The Job Hunt – Part 3/3

Check out my previous two posts for the part 1 and 2 of this series.

For many job openings, getting the foot into the door – getting recruited – tends to be the most tricky part. Obviously different companies have different ways of going about this. 3 latest trends that I see playing out in the job hunt marketplace:

  • Recruitment by Resonance.
  • Recruitment by Challenge.
  • Recruitment by Algorithm.

This post shall be on the third trend.

Recruitment By Algorithm

In a recent interview with the renowned business psychologist, Dr Tomas Chamorro-Premuzic, he shares an interesting insight on the evolution of the internet. From a ‘consumer/user’ perspective, he says, there are three significant stages in the internet era. Loosely put they can be called as:

  1. Knowledge Era: This was around 1998 when Google became mainstream. We searched for something on Google and the first hit magically turned out to be the answer to what we were looking for – this was a breakthrough from past search engines and a breakthrough in machine learning systems.
  2. Social Era: This was around 2004 with the introduction of Facebook, when the focus shifted from retrieving information to ‘retrieving people’. Whereas Google connected consumers to information, Facebook (and other such Social media portals) connect consumers to each other and make ‘products’ out of consumers.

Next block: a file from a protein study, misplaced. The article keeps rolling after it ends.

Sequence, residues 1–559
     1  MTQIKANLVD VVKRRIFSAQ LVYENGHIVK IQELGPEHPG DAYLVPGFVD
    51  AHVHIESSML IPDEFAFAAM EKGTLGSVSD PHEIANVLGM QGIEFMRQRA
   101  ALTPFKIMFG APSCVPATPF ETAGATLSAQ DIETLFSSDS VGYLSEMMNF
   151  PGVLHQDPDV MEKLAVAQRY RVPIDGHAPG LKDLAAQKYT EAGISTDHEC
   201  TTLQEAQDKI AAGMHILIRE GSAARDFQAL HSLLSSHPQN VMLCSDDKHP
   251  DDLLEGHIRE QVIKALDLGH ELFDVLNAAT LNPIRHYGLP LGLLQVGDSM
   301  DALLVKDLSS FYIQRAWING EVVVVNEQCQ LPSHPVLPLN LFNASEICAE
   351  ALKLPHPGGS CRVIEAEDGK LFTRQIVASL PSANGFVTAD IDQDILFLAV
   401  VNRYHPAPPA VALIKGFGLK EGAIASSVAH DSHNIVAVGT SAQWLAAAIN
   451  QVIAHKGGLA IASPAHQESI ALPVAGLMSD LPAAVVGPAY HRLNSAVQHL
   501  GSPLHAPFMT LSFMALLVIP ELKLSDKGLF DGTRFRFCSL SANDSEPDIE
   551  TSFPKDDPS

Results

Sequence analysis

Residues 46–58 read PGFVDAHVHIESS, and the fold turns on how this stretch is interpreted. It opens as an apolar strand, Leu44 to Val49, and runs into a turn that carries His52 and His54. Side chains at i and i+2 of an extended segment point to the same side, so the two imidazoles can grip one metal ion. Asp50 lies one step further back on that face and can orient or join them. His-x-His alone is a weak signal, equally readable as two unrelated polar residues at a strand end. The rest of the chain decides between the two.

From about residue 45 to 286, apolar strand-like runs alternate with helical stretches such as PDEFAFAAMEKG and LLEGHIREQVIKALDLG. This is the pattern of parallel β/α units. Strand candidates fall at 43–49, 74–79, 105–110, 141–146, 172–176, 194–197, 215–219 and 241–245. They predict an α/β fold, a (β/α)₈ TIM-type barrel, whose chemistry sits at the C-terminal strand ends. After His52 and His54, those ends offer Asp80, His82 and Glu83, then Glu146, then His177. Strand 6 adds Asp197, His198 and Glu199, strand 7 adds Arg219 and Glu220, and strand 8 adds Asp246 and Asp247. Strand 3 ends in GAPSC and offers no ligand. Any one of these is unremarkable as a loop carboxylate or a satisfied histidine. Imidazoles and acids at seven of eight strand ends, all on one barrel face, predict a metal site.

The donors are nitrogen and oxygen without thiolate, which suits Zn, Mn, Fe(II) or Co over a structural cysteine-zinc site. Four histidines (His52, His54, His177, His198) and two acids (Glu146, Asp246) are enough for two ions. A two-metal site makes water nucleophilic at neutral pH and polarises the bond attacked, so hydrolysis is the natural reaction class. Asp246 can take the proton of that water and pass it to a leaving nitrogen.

3. Social Knowledge Era: The third era, which has only just about begun, combines the two previous ones: it is the era where people can instantly capture and aggregate all the information on a given topic. And vice versa –  all information about people out there can be aggregated and captured. 
Welcome to the era where ego surfing – self googling — is now more important than updating your CV.
As a consequence of spending so much time online, we now leave traces of our personality everywhere. This social media foot print that we leave each single day (think of all the info that we leave on Facebook, Twitter, LinkedIn, Google+, Pinterest, Path, Renren, Orkut,  Amazon, Gmail, Tripadvisor, or any multitude of other sites each passing day and you get the idea) manifests itself as a folio of Digital Reputation that we build over time.
Given this, and as aptly noted in the HBR blogpost, we are stepping into a time when employers are likely to find their future leaders in cyberspace owing to 3 reasons:
  1. The web makes recruiting easier for employers and would-be employees
  2. The web makes recruiting less biased and less clubby
  3. Web analytics (speak of Big Data) can help recruiters become more efficient

Result: we will soon witness the proliferation of machine learning systems that automatically match candidates to specific jobs and organizations – not just based on our preferences/qualifications and experience (like the current day job portals) but on the basis of our digital footprint that is much bigger and more complicated that we can ever imagine.

For starters, how many times did you google your new boss or colleague? And that begets the question, how many times did you ‘investigate’ yourself and how many times did you reverse engineer your Digital Reputation…..in the recent past?

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